Monday, August 20, 2012

Polio in India: Going, going, gone

Last year there wasn't a single reported case of polio in India.  Wow!  While there is still polio in Afghanistan, Pakistan and Nigeria, India is now off the list of countries where polio is endemic.  Against incredible odds, the World Health Organization and the Indian government, with funding help from Rotary International and lately the Bill and Melinda Gates Foundation, has been working for 27 years to reach this landmark.

2006 TED Prize winner Larry Brilliant described the eradication of smallpox in his ringing acceptance speech.  The last case of smallpox on earth was diagnosed on October 26, 1977.  Look up smallpox in Wikipedia and you'll read "Smallpox was an infectious disease unique to humans...." How powerful is that past tense!   Smallpox simply doesn't exist any more.  Polio might soon be referred to in the past tense as well.

However, polio will be tougher to lick than smallpox.  Since polio is usually transmitted through contact with the stool of an infected person, it is particularly tough to beat in densely populated, low-income areas with poor sanitation.  A long incubation period means that an infected person can pass it on to many people before being diagnosed.  And the vaccine requires multiple boosters to be effective.  In places where kids don't regularly go to school it can be hard to identify and inoculate all those who need it.

The states of Uttar Pradesh and Bihar, the poorest in India, are perfect breeding grounds for polio.  A recent article in the Stanford Social Innovation Review documents the size of the problem.   In Uttar Pradesh alone, 500,000 children are born every month. To vaccinate all children under five, that translates to 170,000M children to be vaccinated each year.  Just one national campaign involves stunning numbers: 700,000 vaccination booths, 2.5M vaccinators, and 200,000 homes visited.  And this combination of partners, led by the Indian government, have been doing this for 27 years.  27 years!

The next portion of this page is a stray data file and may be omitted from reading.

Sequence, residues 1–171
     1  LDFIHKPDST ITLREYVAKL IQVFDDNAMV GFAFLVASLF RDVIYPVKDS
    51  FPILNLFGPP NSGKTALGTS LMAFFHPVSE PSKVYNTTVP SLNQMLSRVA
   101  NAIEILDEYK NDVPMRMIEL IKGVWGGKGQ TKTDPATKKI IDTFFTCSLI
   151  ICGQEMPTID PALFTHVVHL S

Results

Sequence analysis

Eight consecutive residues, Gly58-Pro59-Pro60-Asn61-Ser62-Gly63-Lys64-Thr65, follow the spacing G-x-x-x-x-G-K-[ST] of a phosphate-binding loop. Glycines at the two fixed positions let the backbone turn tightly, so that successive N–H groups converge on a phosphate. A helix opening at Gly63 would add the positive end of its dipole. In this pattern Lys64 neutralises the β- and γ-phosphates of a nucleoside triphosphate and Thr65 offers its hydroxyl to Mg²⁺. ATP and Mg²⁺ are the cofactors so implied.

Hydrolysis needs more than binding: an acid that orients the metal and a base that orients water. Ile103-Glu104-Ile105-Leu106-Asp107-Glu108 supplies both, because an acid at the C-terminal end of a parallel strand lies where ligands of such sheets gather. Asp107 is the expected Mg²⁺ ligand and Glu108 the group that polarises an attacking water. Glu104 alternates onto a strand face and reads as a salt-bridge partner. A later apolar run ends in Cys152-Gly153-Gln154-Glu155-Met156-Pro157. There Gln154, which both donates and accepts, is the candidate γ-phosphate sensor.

But the key to the campaign is communication.   This year's TEDxChange conference included a video about the Daredevils, a group of activist kids in a Kolkata squatter community who wanted to move their vaccination rate from 80% to 100&.  They started by wandering the neighbourhood with handmade megaphones announcing a vaccination clinic that weekend.

But they soon became even more effective with some outside help.  The community had never been mapped - a great big blank on Google maps.  So the kids created that map, numbering and plotting every house in the area.  Then, using smart phones equipped with GPS, they visit every home and record whether everyone has had all their shots and boosters.  If the adage is true that you succeed at what you measure, that neighbourhood should soon hit 100% vaccination rates.

Bruce Aylward, the Canadian physician who heads the polio eradication program at WHO, gave a passionate TED talk about polio.  Worried that the world could become complacent when the goal of total eradication is so close, he exhorted the world to continue supporting this important public health initiative.   The news that India has accomplished this feat should give heart to those out there fighting the disease.